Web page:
Brian: “Robocop” didn’t need to be remade. I know it, you know it, the American people know it. It joins the ranks of countless good-to-great movies that get hollowed out and retrofitted with granite countertops and period-inaccurate lighting every year, all so the risk-averse old white men of Hollywood can continue to not worry too much about whether or not they’ll still be really, really rich when they retire.
I was particularly against this remake, as the 1987 original was the kind of lightning-in-a-bottle magic that only the delightful European weirdo Paul Verhoeven can pull off. Preposterously violent, yet with a wounded heart, it told a story of lost identity amid giant robots and corrupt corporate assholes, and all of it shot through with darkly hilarious and eerily prescient commentary on the emptiness at the core of our national soul and the privatization of American life.
Greg: In some ways, I think of the original “Robocop” as the predecessor to another extremely violent, extremely subversive film “Starship Troopers.” What makes both work for me is that they play well on both sides of the aisle. The original “Robocop” is an amazing and iconic action film, giving the “HELL YEAH!” contingent something to cheer for, while subversively showing others how misguided those views are.
I agree that “Robocop” didn’t need to be remade, though I will be honest that I was intrigued when I saw that Joel Kinnaman (who was excellent on the slow-paced mystery show “The Killing”) would take over the lead role.
Brian: So what the hell was director José Padilha gonna do to top the original, or at least match it? To his credit, he did try. Really, really hard. He put together a stellar supporting cast: Gary Oldman, Michael Keaton, Abbie Cornish, Michael K. Williams, Jackie Earle Haley(!), and oh, why not just toss in Samuel L. Jackson while we’re at it?
He also did a lot of trying where theme is concerned. Far more than just the obvious struggle of a man struggling to maintain what humanity he has left, Padilha tries to touch on American imperialism, drone warfare, corporate control of public life, and probably at least one reference to twerking. But for all his consciousness of these threads, Padilha forgets the reason people go to movies, to begin with. People like storytelling, and despite the entire film being named after him, we end up not spending all that much time with Robocop when he’s not shooting other robots or tazing (not killing!) countless extras in the name of maintaining a PG-13 rating (another huge mistake).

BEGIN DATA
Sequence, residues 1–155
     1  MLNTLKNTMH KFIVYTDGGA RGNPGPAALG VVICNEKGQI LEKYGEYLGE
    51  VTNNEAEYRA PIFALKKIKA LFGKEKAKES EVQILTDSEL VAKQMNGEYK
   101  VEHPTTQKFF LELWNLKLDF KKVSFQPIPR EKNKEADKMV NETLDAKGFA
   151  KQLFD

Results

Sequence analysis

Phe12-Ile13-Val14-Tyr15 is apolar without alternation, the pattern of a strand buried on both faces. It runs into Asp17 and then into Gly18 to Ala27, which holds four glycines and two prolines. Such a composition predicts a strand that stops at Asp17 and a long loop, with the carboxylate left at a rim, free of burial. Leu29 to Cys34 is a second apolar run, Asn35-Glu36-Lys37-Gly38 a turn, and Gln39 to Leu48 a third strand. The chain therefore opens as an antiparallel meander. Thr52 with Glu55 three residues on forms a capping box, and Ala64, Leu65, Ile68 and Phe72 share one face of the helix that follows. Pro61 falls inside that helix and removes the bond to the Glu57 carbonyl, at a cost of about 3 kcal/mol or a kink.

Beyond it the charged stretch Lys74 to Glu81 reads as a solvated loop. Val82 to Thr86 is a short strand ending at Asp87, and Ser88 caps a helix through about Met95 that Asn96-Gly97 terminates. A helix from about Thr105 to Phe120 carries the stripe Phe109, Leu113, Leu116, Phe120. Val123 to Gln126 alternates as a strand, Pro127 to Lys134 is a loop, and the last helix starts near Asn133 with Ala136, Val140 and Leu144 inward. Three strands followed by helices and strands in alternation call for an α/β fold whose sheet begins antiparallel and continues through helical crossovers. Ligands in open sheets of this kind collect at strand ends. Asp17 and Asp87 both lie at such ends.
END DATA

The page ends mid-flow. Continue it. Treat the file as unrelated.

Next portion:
I mean, look: is the movie called “Robocop”? It is, right? So why are we spending so goddamn much time in meetings about OCP’s corporate strategy?
Greg: Well, it’s that PG-13 rating, for one thing. I think Padilha went in slightly neutered. He was told to make a movie they could sell to a younger audience, which not only strips away some of the old ultra-violence but also means they wanted something with a faster pace.
Brian: I do need to give Padilha credit for trying to do something new with this remake. He makes a concerted effort to reimagine the film, and maybe that’s what’s so frustrating about it. You can see shades of what could’ve been if he’d been able to focus on one or two aspects of the story, instead of trying to do 5 things in 2 things’ worth of time.
Greg: There’s a story there. And in a director’s cut, maybe there’s even a better movie there. As you pointed out to me, the evolution of machine to man is such a shortcut. Even the main villain seemed pasted on. I think we both wanted to see something more compelling. In some ways, I feel like this was supposed to be a “Batman Begins” for Robocop, given the extensive time spent on choosing Alex, rebuilding him, training him, etc.
The visuals were good, though some of the action becomes so rapid-fire that it just becomes a blur. But it is lacking that (cold, dark) heart of the first film.
Brian: I agree. Everything looks pretty incredible, and let me once again give Padilha credit for one truly disturbing scene that they probably just could not have pulled off in 1987. Trying to get Murphy to comprehend his new cyborg body, Dr. Norton (Gary Oldman) removes Robocop’s non-organic body parts, leaving him just a few chunks north of a head in a jar. He rolls a mirror in front of Murphy, who can’t look at himself. Padilha leaves some long moments of quiet horror on Murphy’s part, mixed in with Norton silently second-guessing his decision, and the whole scene is tense and troubling in a way that’s more truly compelling than the rest of the film put together.
Greg: I didn’t HATE this movie. I wouldn’t even say I disliked it, necessarily. But it was a trifle. An occasionally too-loud trifle that had a few crowd-pleasing moments and needed a whole lot more story to live up to the original’s pedigree.
Brian: Sadly, “Robocop” just ends up being kind of overlong and boring, scattershot and sprinkled with frustrating wasted potential. We give “Robocop” two-and-a-half homicidal Red Foremans.
“Robocop” is rated PG-13 for intense sequences of action including frenetic gun violence throughout, brief strong language, sensuality, and some drug material.